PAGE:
Casting Symbolic Intimacy: How TV Can Help Us Get Better at Zoom
Allison Wyss on The Magicians, The Brady Bunch, and Magical Connection
In the early days of pandemic isolation, I found solace in TV. It was entertainment, of course, and perhaps a distraction, but it also became a meaningful source of connection for me. I want to study the craft of that connection, but not just for my writing life. I want to use the strange magic to create better intimacies in my real life—even from a distance, even on a Zoom call.
An example of connecting magic occurs in The Magicians, an adaptation of Lev Grossman’s book trilogy that aired on Syfy from 2015 to 2020. The show is set in a kind of grad school for magic, as well as in Fillory, a Narnia-style fantasy world that is not only real but very dangerous. Throughout the series, sexy and eccentric characters cast spells, variously reconfigure themselves as friends/enemies/lovers, and save the world—or sometimes imperil it.
In “All That Josh” (season 3, episode 9), magic has been turned off like a water tap, and the eight protagonists are on a multi-step quest to bring it back. Though their overriding goal is the same, the characters are dispersed: Penny is dead and Kady is grieving. Elliot and Margo are chained to a magical ship headed over a waterfall. Julia’s busy with an imprisoned fairy. Former couple Quentin and Alice are barely speaking to each other. And everyone has forgotten about Josh. Our group is not together physically. They’re not united metaphorically. They’re not even friends.
But the next task in their quest is unity. It means they must collaborate, and they do so through song. The eight characters (including the dead one) sing “Under Pressure” together, even though they are geographically and metaphysically far-flung. The camera cuts from one physical location to another so the song is continuous, even as off-screen characters voice different lines. It never splits the screen—never forces them together through technical sleight of hand—but reminds us that they’re apart.
Still, their voices unite. They’re guided by the same notes, the same lyrics, the same memory of David Bowie and Queen. Some of the characters are better singers than others, some less enthusiastic (“Goddammit, Penny!”). But that doesn’t matter because the song comes together, each of them inside it.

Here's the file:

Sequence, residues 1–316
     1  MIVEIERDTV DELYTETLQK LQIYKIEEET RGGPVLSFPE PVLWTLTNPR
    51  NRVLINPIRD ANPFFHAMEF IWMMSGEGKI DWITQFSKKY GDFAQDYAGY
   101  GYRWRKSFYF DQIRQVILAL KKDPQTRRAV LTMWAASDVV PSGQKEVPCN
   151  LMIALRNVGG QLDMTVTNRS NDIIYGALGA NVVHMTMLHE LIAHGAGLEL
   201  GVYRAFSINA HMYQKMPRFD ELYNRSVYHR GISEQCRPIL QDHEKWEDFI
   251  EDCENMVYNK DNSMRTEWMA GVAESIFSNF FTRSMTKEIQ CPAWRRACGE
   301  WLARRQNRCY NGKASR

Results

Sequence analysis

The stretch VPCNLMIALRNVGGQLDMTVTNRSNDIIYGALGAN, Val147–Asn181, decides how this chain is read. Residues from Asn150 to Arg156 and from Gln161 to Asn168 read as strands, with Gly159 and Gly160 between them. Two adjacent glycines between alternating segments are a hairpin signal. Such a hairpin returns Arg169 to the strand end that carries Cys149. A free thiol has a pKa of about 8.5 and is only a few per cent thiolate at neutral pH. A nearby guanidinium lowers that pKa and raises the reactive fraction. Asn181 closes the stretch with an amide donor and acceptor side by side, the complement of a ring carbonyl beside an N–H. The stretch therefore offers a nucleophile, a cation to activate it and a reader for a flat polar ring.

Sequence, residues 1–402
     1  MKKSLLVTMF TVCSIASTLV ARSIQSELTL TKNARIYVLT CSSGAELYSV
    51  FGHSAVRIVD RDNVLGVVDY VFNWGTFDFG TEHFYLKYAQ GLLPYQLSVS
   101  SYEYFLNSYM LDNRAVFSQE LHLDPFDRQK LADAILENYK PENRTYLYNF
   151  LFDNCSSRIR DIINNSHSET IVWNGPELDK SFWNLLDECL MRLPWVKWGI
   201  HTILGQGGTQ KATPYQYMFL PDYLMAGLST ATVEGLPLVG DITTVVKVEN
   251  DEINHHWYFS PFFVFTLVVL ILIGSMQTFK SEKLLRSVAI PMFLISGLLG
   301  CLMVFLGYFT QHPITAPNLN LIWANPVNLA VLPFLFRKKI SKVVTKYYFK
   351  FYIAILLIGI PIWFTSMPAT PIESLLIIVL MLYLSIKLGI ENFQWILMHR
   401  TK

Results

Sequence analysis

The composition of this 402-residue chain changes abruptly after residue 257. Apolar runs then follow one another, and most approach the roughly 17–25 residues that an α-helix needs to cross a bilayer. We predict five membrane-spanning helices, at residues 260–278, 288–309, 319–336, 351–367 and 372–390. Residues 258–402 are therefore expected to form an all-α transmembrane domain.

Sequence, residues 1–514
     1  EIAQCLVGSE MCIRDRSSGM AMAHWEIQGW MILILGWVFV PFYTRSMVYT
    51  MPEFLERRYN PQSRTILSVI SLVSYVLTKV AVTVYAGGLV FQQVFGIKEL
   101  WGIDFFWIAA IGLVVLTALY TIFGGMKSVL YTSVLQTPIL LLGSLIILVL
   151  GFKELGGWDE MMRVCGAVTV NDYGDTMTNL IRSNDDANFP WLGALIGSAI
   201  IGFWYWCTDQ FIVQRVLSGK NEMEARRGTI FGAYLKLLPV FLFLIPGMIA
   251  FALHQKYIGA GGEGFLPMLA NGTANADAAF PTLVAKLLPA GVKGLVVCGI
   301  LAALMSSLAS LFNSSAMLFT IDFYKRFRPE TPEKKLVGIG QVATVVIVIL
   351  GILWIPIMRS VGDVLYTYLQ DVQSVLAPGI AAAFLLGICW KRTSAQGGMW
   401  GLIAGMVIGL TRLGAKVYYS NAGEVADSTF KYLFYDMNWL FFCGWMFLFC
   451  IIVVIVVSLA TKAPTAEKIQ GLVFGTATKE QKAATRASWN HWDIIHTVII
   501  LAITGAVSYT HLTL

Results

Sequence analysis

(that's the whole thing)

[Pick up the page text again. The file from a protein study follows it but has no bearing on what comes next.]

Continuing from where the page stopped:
This scene is one example of a writing technique that I call “casting symbolic intimacy.” Characters are held inside something and bound together: maybe it’s a car that smooshes them shoulder-to-shoulder and hurls them in a particular direction; maybe their bodies form a shape as they commune around a table and put the same food into their mouths. Symbolic intimacy can be cast by candlelight illuminating different faces, by a circle drawn around characters, by a song or a ritual participated in collectively.
Maybe circle time at the library didn’t go “poof!” and make me friends so much as it inspired me to forge the friendships on my own.
It works in real life, too. When my kid was younger, I did not crave a powerful connection with the other mothers at library circle time. But when we sang and clapped and shared our babies’ names, I couldn’t help feeling linked to them. Seven years later, some of those caregivers are my friends. I don’t think that would have happened without the spell cast by the singing and the circle. Rituals matter—the shapes we form, the way we join our voices or hands or find a common purpose.
Of course, attempts at forced intimacy can also go wrong. Consider Gal Gadot’s mashup of celebrities singing “Imagine.” It only forged a collective, internet-wide cringe.
But the “Under Pressure” scene successfully casts symbolic intimacy—I feel happy for the characters rather than embarrassed for them. Most magical of all (and unlike my library group), the characters unite without physical proximity. They’re in various dimensions: Fillory, the Neitherlands, Earth. I am perhaps the farthest away of all, outside the screen entirely. That part is harder for me to solve, but so necessary. I don’t know magic, but I have an internet connection. How can I use this craft technique to forge unity on a video call?